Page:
It’s Raining…Fish?! (And other “life is sideways” tales)

 

Last week, I can honestly say I’m not really sure why I was so incredibly busy…too busy to write, apparently. Looking back at my calendar, I had a date with my hubby (who was blissfully home most of the week), a doctor’s appointment, and…? Nothing else there. But life was apparently too much to take time to write. Sorry.

Sunday was a rainy day. Off and on showers most of the day, a rather unusual and comfortable August high in the upper 80s, and then some really impressive thunderstorms at night. I discovered that our sweet young aussiesoodle doesn’t mind storms, but incessant thunder and eye piercing lightning through every window for over 30 minutes is way more than she can handle. She put herself to bed an hour early in order to try and hide from the chaos of the skies.

Monday we awoke to fresh, clean air, free of dust or ragweed and a light, sunny breeze. Our morning walk was a pleasure. Until we discovered the fish. Yes, you heard me—fish. On the sidewalk. Two of them. One appeared to be a small bluegill, about four or five inches long. The other wasn’t much more than an inch, fatter than most minnows I’ve seen, but not as long as many.

These two fishy specimen were laying on the sidewalk as we walked along our neighborhood route. Our city neighborhood. Not the walk on the other side of our major city street that takes us to the park…and the river. No. The lined with houses and apartments, there’s no water near here, sidewalk. The one that runs next to a parking lot which runs alongside the road. Hardly any grass, much less water, sidewalk. Two fish. Side by side. About five feet apart, lying in dampness left by the rain. Seriously?! Since when does it rain fish?

This anomaly got me thinking about life. About how sideways life can get sometimes. How sideways my own life has been these past months. How I’m trying desperately to find balance in a sideways world, and most days it can’t be found. At least not easily. It’s like trying to find fish on a sidewalk. Well, maybe not that easy after all.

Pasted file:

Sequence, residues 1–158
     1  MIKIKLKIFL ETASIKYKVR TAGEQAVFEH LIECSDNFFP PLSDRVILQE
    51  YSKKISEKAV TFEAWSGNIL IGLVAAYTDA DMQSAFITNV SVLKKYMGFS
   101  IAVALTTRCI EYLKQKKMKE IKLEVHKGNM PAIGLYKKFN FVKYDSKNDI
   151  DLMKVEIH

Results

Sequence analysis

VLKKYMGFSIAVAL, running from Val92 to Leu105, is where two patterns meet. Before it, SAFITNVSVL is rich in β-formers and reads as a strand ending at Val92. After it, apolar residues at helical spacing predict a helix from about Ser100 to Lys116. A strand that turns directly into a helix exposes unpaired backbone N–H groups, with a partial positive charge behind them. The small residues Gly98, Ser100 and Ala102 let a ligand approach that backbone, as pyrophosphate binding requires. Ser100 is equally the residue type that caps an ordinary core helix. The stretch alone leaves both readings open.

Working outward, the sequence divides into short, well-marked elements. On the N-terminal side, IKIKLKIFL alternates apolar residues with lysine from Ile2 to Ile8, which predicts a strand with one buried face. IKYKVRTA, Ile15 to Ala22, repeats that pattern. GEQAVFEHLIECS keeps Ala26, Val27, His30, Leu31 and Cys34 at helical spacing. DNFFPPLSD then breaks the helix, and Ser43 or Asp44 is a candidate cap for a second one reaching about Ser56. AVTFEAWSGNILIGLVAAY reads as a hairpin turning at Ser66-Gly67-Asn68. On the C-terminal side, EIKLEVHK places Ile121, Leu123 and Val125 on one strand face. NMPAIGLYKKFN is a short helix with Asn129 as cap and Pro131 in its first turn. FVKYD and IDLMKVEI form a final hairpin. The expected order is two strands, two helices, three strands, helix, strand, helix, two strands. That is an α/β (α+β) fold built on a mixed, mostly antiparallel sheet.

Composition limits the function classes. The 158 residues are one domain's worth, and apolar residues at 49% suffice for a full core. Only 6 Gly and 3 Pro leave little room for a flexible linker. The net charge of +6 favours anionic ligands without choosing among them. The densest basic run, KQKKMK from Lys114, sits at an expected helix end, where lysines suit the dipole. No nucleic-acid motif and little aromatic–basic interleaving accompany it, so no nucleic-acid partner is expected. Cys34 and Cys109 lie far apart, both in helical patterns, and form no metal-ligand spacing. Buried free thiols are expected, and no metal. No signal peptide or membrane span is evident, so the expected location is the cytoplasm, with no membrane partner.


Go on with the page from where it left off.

In the middle of all this fish fun, my sons and I began to notice that our sweet, young, not quite five month old puppy is showing obvious signs of becoming very interested in the opposite sex. Wait. What?! She won’t turn FIVE months until tomorrow, and absolutely EVERYONE has assured me she won’t reach “maturity” before she’s six months, at the very earliest!!! Surely we must be reading her signals incorrectly?

After a trip to the vet yesterday, I discovered my farm upbringing has served me well—I do in fact know the early signs of a dog coming in heat. So our sweet little sweetheart (who, by the way, is currently not so overly sweet due to raging hormones) will be having surgery next week. One month before originally scheduled.

And this weekend, my youngest son heads to Indianapolis to start his life as an adult.

The constant craziness of life in the real world. It never ends. Living life sideways. I can’t seem to find a level path anywhere these days. Life continues to throw me curve balls, like fish on the sidewalk. Everything seems to be just a little off balance.

I know that for my own inner well-being, silence, solitude, and stillness are key. I also know that in the fast-paced world we live in, these things don’t come easily. And in some seasons of life they aren’t found at all. I remember the early days of parenting, when our home was filled with the laughter and screams of small boys. Those needed moments of stillness and silence were indeed rare—and greatly treasured. I look back on those days with much fondness, but know in my heart that I’m thankful we are now in a new season of parenting.